The increase in violence southernmost provinces of Thailand have come amid country's worst political crisis in decades.
Violence worsens in Thailand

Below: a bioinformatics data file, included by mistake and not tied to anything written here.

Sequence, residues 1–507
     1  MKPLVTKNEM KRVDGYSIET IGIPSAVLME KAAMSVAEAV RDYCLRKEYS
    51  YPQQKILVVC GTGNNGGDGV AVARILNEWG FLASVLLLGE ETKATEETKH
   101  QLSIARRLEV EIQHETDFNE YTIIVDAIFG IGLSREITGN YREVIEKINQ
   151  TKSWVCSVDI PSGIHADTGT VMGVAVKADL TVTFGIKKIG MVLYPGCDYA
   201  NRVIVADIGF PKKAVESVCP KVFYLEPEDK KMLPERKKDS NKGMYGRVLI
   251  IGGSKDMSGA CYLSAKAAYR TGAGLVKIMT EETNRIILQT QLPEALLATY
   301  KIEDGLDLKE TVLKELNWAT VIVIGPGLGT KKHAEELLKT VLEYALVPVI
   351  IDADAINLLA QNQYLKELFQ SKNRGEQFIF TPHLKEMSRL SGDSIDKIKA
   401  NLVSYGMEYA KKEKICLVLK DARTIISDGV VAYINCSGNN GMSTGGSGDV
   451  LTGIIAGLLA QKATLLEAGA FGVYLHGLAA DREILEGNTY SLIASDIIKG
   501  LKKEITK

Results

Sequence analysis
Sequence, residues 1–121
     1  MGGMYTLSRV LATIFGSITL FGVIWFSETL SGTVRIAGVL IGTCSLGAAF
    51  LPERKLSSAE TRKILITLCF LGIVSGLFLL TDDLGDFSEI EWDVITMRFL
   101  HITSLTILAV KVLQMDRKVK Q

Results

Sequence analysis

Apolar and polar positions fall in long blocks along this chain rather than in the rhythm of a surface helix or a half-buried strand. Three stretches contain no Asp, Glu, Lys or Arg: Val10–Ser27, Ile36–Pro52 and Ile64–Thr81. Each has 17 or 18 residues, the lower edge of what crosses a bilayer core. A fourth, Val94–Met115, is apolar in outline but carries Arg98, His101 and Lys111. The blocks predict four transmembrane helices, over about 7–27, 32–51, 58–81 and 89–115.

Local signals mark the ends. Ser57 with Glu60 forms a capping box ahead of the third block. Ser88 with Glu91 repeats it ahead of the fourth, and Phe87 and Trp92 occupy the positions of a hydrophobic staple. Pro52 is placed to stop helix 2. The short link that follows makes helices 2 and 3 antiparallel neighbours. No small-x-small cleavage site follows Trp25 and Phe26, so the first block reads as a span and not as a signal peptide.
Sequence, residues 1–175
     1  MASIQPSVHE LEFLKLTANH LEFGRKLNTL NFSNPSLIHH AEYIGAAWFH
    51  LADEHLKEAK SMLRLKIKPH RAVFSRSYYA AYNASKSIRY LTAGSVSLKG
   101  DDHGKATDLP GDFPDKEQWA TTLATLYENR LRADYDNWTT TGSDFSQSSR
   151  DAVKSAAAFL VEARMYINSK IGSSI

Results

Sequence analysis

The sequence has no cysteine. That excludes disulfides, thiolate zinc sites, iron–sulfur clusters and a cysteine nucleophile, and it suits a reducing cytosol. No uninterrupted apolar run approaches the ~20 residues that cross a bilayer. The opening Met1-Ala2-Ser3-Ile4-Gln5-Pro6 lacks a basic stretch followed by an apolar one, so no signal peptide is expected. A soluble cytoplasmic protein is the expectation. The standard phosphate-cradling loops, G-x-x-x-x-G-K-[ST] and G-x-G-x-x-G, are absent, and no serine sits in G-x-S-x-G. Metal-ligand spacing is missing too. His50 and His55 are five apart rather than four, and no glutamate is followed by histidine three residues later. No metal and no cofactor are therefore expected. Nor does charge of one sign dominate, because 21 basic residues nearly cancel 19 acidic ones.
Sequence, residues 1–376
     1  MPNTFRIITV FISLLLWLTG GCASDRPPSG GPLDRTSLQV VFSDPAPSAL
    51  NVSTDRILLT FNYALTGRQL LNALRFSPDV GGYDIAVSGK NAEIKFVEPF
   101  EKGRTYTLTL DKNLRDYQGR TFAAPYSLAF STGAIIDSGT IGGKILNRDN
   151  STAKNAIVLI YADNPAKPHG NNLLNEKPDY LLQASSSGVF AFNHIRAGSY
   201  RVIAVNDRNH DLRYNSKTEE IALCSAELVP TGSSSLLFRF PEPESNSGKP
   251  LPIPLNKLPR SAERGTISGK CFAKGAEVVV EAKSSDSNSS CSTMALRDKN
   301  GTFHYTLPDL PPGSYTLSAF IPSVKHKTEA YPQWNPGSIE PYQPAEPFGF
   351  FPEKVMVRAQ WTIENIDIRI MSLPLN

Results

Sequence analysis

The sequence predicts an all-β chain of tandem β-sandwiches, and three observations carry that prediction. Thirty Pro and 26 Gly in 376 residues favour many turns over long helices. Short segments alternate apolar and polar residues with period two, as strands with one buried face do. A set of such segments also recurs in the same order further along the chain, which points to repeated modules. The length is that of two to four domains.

BANGKOK // Violence in Thailand's predominantly Muslim south could increase in the coming weeks as separatists there step up their campaign for an independent homeland. In the past few days violence has spiked in the three southernmost provinces of Pattani, Narathiwat and Yala. Two young suspected insurgents were killed in a gun battle with soldiers on Friday while at least five other people have died and more than 80 were injured in two major incidents last week. The increase in violence comes amid Thailand's worst political crisis in decades. While the government of Somchai Wongsawat is preoccupied with preventing the country's economic woes worsening as a result of the international financial crisis, anti-government protesters have besieged the capital, forcing the government to move its centre of operations to the old airport on the outskirts of the city. "The political mayhem in Bangkok has hijacked the policy towards the south, allowing the army to conduct increased suppression activities without any real scrutiny," said Sunai Pasuk, a Thai human rights expert with the New York-based Human Rights Watch. "The violence is only likely to rise further, as increased repression will only encourage more young Muslim men to join the separatist movement and fight back." This week three massive explosions rocked the southernmost province of Narathiwat killing one person and injuring more than seventy. The biggest explosion was outside an annual meeting of local village chiefs and the bomb used was twice as large as anything the insurgents have used before. "November is always the month that violent separatist attacks peak, after a lull during Ramadan," said Srisompob Jitpiromya, director of Deep South Watch, a research centre at the Prince of Songkhla University in Pattani. "These latest attacks are a wake-up call to the authorities - the message: 'We are still here and capable of doing damage'," said Panitan Wattanayagorn, a political scientist at Chulalongkorn University in Bangkok who specialises in military affairs. "These bombs are significant because of the size and target [hundreds of government officials] - it's a clear warning to everyone and was certainly meant to sow increased tension and fear within the communities in the south," Prof Panitan said. Narathiwat and the provinces of Pattani and Yala, which border Malaysia, were a Muslim sultanate until a century ago before they were annexed by Bangkok. More than 80 per cent of people there are Muslim and speak a Malay dialect. Since Jan 2004, when separatist violence erupted in these three southern provinces, more than 3,000 people have died and more than 5,000 have been injured. More than 7,000 children in the area have been orphaned by the conflict according to community workers in the area - higher than the number of tsunami orphans. There are concerns that the violence will spread possibly to key tourist resorts in southern Thailand, including Phuket and even to Bangkok. Tentative plans for a bombing campaign have been found on suspected insurgents detained by the authorities, according to military sources. But Mr Pasuk from Human Rights Watch said no evidence has been found to suggest the insurgents are planning attacks outside the three southern provinces or that they are being assisted by foreign bodies. He added that civilians were bearing the brunt of the violence. "The real tragedy of this wave insurgency is that it's mainly civilians who are suffering. More than 90 per cent of the victims are students, teachers, doctors and government officials," he said. A climate of fear hangs over the three southern provinces and a crackdown by security forces in the area has created the conditions for the insurgency to thrive, according to development workers based there. "The authorities accuse all young Muslim men of being insurgents or sympathisers, harass and intimidate them," said Soraya Jamjuree, a leading member of Friends of Victimised Families, a Pattani-based non-governmental organisation that works with communities affected by the violence in the south. "As a result the youth leave the villages, angry and dispirited - it increases the mistrust felt towards the authorities, and leaves many feeling there is no choice but to join the movement." Fifteen battalions, or nearly half of the Thai army, is deployed in these three provinces. As a matter of policy they are kept from developing cordial relations with the local community, according to human rights workers monitoring events in the south and who accuse the army of brutal suppression. "Assassinations, abductions, disappearances, torture and intimidation are the government's only answer to the legitimate grievances of the local people," said Isma-ae Salae, a leader of the Young Muslim Association in Yala province. Some northern politicians have raised concerns over the government's methods in the south. "It's little wonder they hate us," said Kraisak Choonahavan, an MP and deputy leader of the Democrats, the main opposition party in parliament, who regularly visits the southern provinces and has conducted his own investigations there. "The conditions of those detained are inhuman - I recently visited a prison where 300 people were cramped into one cell with only one toilet available. These conditions are intolerable," he said. But the insurgency in the south seems intractable for the time being. Efforts this year to negotiate a ceasefire between the government and representatives of the insurgents in Indonesia got nowhere. "The military is not interested in dialogue or negotiations," Mr Kraisak said. "They now have an enormous budget - 30 billion baht [Dh3bn] - which has increased six-fold since the violence started four years ago, and we parliamentarians cannot scrutinise any of the budgets." With the Thai government distracted by the political chaos in the capital and the country's economic crisis, the army's operations in the south are not likely to be hindered by civilian concerns. The real fear is that this violence will escalate if the authorities do not move to adopt a more conciliatory approach to the problems in the south. "We must negotiate - there is no other way out," Mr Kraisak said. firstname.lastname@example.org